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End of the Long Road for Van Hook?

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The thrice-reversed panel of the U.S. Court of Appeals for the Sixth Circuit has finally given up finding excuses to reverse the death sentence of Ohio murderer Robert Van Hook.  The Supreme Court described the crime in its reversal two years ago:

On February 18, 1985, Van Hook went to a Cincinnati bar that catered to homosexual men, hoping to find someone to rob. He approached David Self, and after the two spent several hours drinking together they left for Self's apartment. There Van Hook "lured Self into a vulnerable position" and attacked him, first strangling him until he was unconscious, then killing him with a kitchen knife and mutilating his body. State v. Van Hook, 39 Ohio St. 3d 256, 256-257, 530 N. E. 2d 883, 884 (1988). Before fleeing with Self's valuables, Van Hook attempted to cover his tracks, stuffing the knife and other items into the body and smearing fingerprints he had left behind. Six weeks later, police found him in Florida, where he confessed.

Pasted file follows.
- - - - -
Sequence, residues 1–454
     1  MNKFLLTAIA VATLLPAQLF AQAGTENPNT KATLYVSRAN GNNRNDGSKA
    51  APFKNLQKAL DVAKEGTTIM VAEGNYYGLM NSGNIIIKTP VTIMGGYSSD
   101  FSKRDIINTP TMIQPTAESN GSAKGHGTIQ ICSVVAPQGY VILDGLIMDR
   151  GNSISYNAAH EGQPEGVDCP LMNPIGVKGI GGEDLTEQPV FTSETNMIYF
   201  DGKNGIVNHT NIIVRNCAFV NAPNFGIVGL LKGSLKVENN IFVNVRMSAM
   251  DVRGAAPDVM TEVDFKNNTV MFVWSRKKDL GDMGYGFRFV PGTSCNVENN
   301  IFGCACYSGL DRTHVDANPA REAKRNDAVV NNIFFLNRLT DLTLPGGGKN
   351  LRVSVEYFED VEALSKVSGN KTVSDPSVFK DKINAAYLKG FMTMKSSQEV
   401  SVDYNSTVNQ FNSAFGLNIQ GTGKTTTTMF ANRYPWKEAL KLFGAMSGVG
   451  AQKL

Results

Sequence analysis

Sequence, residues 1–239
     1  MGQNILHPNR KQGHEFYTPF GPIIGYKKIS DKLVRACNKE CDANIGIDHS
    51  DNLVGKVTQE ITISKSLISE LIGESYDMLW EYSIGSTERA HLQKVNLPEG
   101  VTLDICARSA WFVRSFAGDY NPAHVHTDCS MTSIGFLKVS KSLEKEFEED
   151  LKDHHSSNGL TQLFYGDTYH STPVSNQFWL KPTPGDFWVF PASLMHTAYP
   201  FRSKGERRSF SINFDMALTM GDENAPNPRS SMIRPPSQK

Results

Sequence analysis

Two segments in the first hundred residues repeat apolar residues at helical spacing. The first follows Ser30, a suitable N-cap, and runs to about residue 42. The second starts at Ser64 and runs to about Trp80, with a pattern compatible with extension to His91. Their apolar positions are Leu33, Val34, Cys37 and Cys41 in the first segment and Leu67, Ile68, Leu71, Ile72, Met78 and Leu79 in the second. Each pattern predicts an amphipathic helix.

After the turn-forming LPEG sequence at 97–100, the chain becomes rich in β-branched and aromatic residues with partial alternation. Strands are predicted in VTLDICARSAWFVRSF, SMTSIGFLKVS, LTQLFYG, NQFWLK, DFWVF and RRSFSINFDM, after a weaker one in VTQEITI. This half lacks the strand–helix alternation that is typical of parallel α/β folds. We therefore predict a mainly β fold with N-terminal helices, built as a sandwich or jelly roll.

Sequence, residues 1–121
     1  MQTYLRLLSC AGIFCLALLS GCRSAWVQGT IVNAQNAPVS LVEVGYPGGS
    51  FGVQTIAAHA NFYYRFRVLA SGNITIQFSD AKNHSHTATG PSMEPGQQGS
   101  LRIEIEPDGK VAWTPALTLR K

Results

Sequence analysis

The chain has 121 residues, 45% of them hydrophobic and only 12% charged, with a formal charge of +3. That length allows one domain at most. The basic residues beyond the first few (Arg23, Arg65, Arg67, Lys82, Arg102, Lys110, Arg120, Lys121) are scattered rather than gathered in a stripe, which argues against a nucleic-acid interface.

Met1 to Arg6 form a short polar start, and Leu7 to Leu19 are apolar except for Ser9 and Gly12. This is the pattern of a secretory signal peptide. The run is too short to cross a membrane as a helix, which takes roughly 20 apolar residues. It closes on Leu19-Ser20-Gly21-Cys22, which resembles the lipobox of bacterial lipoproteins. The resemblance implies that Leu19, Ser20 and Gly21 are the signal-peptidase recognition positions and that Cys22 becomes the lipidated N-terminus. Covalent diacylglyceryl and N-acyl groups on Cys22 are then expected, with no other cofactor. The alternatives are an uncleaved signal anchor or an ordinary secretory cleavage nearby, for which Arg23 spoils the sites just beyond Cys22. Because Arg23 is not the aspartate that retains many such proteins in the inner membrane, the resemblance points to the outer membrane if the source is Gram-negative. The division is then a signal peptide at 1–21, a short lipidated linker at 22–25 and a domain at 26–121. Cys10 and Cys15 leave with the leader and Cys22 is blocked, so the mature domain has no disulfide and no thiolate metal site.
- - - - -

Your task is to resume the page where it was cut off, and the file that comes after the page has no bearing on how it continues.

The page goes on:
The Ohio courts finished with this case, affirming the conviction and sentence, 19 years ago.  It has been in the federal courts ever since.  The District Court rejected Van Hook's claims.  The Sixth Circuit panel reversed and was then reversed itself three times, twice by the en banc Sixth Circuit and once by the Supreme Court.  Today the panel finally rejected the remaining claims and upheld the judgment. 

This is why we needed the Antiterrorism and Effective Death Penalty Act of 1996.  If this case had been subject to the act, and if the act had been properly applied, this case could have been resolved in a fraction of the time.  Of course, that second "if" is a big one.  Resistance to AEDPA by federal judges has largely frustrated its goals, but we are making progress.

Jonathan Adler has this post at VC.

1 Comment

That the case has been in the federal courts for that long is an outrage.

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